A small detail in Deutsche Bank AG's loans to Donald Trump's real-estate business has turned into a headache at the bank, as its effort has stalled to restructure part of the $300 million or so in debt.
The issue is a personal guarantee Trump gave Deutsche Bank when the debt was negotiated from 2012 to 2015, according to a person with knowledge of bank discussions. The debt — on a Florida golf resort, Washington D.C. hotel and Chicago tower — is being paid. But under the agreements, if the loans default, the bank could go after Trump's other assets.
Since Trump won the presidential election in November, bankers have tried to eliminate the awkward prospect of someday collecting from a sitting U.S. president. If the bank removes Trump's personal guarantee, critics might accuse it of trying to curry favor with the president. If the interest rate rises as part of any restructuring, it could also risk the scorn of the Trump business organization.
What makes matters more complicated is that the U.S. government has been investigating Deutsche Bank's failure to flag trades by wealthy Russians who spirited $10 billion out of Russia. Though that investigation has no links to the president, some lawmakers and others have expressed concerns about a potential conflict for the Justice Department, which reports to the president and is investigating his primary lender.
Deutsche Bank, which has admitted to compliance lapses in the Russian trading matter and said it's cooperating with authorities, paid fines to U.K. and New York regulators earlier this year to resolve those complaints. The Justice Department has declined to comment on the status of the Russia trading investigation.
Deutsche Bank declined to comment on the Trump loans.
Discussions about the loans have moved from the bank's lending experts, who were trying to strip out the personal recourse, to more senior managers, who are assessing the political ramifications of any restructuring, said the person.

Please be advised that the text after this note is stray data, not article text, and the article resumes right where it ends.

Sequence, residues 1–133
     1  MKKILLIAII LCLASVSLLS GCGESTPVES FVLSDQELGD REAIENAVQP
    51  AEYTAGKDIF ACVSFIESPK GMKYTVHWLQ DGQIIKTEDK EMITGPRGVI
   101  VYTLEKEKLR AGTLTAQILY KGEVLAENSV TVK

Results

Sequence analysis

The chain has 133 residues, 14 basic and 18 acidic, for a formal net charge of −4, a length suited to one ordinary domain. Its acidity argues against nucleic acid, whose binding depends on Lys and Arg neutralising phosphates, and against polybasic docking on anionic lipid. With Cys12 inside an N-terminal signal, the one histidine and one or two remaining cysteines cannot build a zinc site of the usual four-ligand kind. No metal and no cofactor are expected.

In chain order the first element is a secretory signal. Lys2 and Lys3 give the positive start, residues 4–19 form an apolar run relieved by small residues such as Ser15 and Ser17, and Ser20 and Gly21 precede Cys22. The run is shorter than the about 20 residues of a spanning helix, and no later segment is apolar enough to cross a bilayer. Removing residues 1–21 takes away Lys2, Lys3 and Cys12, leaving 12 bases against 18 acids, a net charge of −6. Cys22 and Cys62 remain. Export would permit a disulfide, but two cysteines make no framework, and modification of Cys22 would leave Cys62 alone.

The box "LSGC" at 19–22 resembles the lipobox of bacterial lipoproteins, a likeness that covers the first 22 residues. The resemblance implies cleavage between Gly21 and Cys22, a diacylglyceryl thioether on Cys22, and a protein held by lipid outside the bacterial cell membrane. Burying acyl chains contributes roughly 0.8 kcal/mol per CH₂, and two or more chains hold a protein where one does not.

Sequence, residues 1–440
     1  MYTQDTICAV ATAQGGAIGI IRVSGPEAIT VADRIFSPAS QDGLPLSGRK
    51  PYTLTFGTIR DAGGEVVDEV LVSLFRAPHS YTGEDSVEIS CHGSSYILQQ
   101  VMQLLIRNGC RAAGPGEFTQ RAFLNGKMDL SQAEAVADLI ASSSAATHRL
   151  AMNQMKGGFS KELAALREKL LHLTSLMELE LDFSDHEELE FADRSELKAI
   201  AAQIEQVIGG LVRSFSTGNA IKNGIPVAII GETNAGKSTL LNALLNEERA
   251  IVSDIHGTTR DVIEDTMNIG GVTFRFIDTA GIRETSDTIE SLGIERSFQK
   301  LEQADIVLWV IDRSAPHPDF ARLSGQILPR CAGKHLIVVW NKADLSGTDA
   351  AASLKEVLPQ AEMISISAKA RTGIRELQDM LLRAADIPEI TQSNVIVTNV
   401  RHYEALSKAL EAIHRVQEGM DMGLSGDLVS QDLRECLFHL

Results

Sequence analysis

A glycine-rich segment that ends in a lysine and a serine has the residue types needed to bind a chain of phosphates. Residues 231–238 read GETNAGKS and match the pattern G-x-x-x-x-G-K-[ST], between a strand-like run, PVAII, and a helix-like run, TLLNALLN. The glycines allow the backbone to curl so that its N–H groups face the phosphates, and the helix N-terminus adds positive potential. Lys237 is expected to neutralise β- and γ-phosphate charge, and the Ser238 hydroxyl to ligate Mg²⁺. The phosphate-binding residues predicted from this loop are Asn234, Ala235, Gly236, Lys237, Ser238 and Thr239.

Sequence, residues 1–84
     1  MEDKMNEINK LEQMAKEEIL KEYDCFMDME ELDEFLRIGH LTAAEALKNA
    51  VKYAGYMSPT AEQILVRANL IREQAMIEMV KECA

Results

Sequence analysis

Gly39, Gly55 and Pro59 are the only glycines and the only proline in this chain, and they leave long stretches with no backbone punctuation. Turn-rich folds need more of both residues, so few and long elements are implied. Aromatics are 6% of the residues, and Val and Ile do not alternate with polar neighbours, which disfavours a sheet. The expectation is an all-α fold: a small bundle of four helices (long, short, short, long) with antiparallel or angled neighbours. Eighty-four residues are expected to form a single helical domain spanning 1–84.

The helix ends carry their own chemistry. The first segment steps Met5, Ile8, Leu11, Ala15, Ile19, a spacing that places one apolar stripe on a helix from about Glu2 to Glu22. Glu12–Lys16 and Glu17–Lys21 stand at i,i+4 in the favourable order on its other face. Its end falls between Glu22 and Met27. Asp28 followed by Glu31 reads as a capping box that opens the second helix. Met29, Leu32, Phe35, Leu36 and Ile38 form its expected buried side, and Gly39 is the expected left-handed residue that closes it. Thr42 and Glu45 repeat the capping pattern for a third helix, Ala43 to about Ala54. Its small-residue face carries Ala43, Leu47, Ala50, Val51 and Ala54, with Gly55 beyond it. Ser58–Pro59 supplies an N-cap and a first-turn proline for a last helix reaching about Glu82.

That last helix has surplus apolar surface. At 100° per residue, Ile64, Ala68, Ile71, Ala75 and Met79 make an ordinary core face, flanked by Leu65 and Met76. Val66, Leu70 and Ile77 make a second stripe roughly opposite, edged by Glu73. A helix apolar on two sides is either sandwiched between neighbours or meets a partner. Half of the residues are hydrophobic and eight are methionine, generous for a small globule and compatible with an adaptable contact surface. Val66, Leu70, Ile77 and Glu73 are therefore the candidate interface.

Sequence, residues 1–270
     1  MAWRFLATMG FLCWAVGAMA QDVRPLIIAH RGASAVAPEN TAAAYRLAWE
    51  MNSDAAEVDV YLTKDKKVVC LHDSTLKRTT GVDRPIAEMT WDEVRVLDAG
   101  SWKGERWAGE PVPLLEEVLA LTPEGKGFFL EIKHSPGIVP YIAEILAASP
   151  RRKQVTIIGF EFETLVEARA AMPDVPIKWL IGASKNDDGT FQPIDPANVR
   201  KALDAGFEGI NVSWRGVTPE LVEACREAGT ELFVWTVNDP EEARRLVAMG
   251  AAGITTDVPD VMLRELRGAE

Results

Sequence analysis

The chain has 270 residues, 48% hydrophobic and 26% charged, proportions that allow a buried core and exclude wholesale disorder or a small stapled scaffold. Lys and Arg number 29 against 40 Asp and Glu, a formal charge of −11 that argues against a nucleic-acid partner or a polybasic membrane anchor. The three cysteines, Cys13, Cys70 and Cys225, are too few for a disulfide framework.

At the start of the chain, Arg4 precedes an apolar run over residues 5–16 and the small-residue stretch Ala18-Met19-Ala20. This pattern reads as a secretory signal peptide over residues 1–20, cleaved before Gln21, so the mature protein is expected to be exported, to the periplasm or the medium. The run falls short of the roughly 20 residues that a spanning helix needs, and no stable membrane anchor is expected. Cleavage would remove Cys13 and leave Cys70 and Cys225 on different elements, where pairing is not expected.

Selling the loans is one option. But some buyers might be concerned about the "headline" risk, the intensive media scrutiny of anyone doing business with Trump, said one commercial banker contacted by Bloomberg.
When asked about the loans, the White House referred inquiries to the Trump Organization, which declined to comment this week. Since becoming president, Trump has handed over management of his businesses to two of his sons and has said he'll remove himself from decision-making. He retains ownership of the companies.
In December, Alan Garten, general counsel of the Trump Organization, told Bloomberg that the loans are modest in the context of Trump's multibillion-dollar empire. The personal guarantee isn't a long-term issue, he said, because the loans were structured to ultimately become standard debt backed by the property built with the loans. That's already the case with Trump International Hotel and Tower in Chicago, which now serves as collateral for the loan, Garten said.
The $300 million or so that Trump's organization owes to Deutsche Bank represents nearly half of his outstanding debt, according to a July analysis by Bloomberg that found the mogul had a net worth of $3 billion. The loans look like deals with a high-net-worth client, with more favorable rates than would be common on building loans, according to a real-estate investor who reviewed the rates on Bloomberg's request.
Trump's debts, as disclosed to the U.S. Federal Election Commission in May 2016.
The Deutsche Bank debt includes a $170 million loan Trump took out in 2015 to finish his Trump International Hotel in Washington D.C. The organization also owes $125 million on the Trump National Doral Miami resort. The Doral debt, dating to 2012, carries a rate of Libor plus 1.75 percentage points or prime rate minus 0.75 percentage points, according to a Trump filing with the Federal Electoral Commission. The other major piece is the loan against the Chicago tower. The debts come due in 2023 and 2024.
Prospects may be brightening for Trump's new hotel in the nation's capitol, in a post office building leased from the government. Though it was losing money last fall when it opened and some critics questioned the legality of the Trump Organization doing business with the government, the General Services Administration said last week it had determined the company wasn't violating laws restricting elected officials' business activities.